Robert Barry looks back at the work of Experiments in Art and Technology from art pavilions to discos with its veteran director
From 13–23 October 1966, the 69th Regiment Armory building in Manhattan was host to one of the most ambitious events in the history of modern art. 9 Evenings: Theatre And Engineering brought together artists and composers including John Cage, David Tudor, Yvonne Rainer, Robert Rauschenberg and Lucinda Childs, with engineers from Bell Labs such as Billy Klüver, Max Mathews and Fred Waldhauer. Over the course of its run, over 13,000 people attended and several now familiar technologies were employed for the first time in the course of the performances, including closed circuit television, fibre optic cameras, and portable wireless FM transmitters.
The collaboration of several key players continued under the banner of a new organisation called Experiments in Art and Technology, dedicated to bringing artists and engineers together. Julie Martin worked behind the scenes at 9 Evenings and later became one of EAT’s first employees, initially as the editor of the newsletter.
Now, as director of the organisation, she’s working with sound artist Jacob Kirkegaard to document some of the history of the organisation, including the release of new vinyl editions of Cage’s Variations VII (from 9 Evenings) and Monobirds by David Tudor. I spoke to Martin via a Zoom call to her home in New Jersey about the origins of EAT, its utopian promise, and the time David Tudor performed in the hottest disco in New York.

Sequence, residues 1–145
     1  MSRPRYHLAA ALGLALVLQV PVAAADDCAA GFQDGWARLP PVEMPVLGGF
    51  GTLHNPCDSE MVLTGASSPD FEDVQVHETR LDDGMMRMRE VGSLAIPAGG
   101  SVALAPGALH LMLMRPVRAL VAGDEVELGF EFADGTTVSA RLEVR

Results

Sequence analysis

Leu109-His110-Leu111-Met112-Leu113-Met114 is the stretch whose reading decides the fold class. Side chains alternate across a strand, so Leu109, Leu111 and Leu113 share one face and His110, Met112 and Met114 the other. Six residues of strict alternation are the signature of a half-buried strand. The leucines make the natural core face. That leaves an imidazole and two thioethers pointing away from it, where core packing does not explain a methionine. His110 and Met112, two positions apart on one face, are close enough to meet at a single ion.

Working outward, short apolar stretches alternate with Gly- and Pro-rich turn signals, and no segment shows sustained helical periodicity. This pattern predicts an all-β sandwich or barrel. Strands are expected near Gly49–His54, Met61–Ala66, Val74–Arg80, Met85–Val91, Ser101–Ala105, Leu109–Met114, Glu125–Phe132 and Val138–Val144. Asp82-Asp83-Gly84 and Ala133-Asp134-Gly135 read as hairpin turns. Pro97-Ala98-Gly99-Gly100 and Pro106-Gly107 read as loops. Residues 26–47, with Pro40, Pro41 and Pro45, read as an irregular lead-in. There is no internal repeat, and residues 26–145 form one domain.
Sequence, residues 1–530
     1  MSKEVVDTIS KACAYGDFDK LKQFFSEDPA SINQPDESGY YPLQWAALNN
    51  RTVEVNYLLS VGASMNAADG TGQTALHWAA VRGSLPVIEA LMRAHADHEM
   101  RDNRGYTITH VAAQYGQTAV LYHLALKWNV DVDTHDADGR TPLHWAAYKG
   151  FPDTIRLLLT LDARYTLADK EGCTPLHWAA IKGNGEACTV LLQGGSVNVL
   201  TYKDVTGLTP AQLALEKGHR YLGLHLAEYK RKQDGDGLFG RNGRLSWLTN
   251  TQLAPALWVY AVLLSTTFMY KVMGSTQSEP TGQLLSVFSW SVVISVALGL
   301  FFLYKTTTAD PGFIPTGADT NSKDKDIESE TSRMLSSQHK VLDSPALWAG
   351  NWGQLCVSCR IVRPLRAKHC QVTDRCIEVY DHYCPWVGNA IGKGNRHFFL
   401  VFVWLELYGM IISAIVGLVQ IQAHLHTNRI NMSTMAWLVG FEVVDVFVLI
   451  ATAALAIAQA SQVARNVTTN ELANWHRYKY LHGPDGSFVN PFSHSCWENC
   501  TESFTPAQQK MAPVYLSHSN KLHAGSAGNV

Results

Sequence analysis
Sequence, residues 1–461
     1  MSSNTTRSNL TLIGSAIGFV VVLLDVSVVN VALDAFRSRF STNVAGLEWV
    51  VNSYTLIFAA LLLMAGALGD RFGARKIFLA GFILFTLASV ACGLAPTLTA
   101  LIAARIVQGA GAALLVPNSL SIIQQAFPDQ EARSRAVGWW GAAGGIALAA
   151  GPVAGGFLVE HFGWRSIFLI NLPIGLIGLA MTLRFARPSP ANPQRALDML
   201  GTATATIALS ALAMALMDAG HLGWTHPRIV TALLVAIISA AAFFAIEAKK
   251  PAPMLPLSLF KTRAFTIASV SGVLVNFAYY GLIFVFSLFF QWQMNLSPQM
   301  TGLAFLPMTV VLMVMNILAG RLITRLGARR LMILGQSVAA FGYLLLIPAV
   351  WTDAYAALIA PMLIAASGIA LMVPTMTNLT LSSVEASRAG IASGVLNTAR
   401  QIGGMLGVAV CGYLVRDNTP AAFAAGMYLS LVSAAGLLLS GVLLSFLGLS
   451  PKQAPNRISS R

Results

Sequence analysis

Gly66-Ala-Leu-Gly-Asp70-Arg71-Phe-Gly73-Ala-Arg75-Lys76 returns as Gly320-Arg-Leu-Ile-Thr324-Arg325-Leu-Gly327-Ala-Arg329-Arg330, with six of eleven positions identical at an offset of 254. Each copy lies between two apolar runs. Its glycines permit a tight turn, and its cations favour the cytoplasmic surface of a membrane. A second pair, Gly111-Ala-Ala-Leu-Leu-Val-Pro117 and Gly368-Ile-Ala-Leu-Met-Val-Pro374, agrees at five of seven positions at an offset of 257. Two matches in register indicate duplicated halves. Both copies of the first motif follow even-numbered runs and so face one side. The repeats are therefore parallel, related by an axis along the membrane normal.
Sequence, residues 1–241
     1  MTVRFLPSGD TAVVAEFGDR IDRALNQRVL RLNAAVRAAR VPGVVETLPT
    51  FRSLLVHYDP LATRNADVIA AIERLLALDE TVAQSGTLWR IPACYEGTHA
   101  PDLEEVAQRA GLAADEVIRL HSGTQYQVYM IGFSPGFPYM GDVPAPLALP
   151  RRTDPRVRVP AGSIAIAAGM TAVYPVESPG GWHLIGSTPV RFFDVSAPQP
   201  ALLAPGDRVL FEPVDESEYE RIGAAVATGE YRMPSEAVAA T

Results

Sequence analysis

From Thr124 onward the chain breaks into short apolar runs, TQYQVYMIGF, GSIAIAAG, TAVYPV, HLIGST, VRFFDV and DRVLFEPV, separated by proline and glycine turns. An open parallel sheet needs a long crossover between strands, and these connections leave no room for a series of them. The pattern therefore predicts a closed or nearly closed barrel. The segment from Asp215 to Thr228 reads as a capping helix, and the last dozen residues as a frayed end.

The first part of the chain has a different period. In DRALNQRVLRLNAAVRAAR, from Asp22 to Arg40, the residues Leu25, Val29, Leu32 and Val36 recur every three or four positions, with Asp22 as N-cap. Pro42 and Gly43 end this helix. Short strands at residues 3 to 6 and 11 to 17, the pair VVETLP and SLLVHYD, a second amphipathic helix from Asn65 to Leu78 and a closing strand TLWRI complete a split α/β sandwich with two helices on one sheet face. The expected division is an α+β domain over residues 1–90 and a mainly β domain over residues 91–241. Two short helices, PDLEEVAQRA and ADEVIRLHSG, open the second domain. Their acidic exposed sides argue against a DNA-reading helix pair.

Your first involvement with 9 Evenings was through your work with Robert Whitman, is that right?
Yes, exactly. I was in New York very busy not getting a Masters in Russian Studies at Columbia. I met Bob Whitman through a friend and was kind of free that summer. So I began to help him on pieces that he was doing, [the film] Prune Flat and then a piece out on a swamp in Long Island. So then when the 9 Evenings came about, I continued to help him out. I was finding films for him and things like that.
As you became more involved in the event as a whole, what kind of things were you doing?
One of the things I was doing was wiring tiny plugs. Although the engineers had developed what they called the TEEM – Theater Electronic Environmental Modular system, a wireless system for both transmission of sound and also sound as control that each of the artists could use in his or her performances – they realised they needed a lot of cable for audio. So we spent last-minute time wiring tiny plugs. And also I helped on the catalogue, which is what led to Billy Klüver and Fred Waldhauer asking me to join EAT a little bit later, as editor of the newsletter.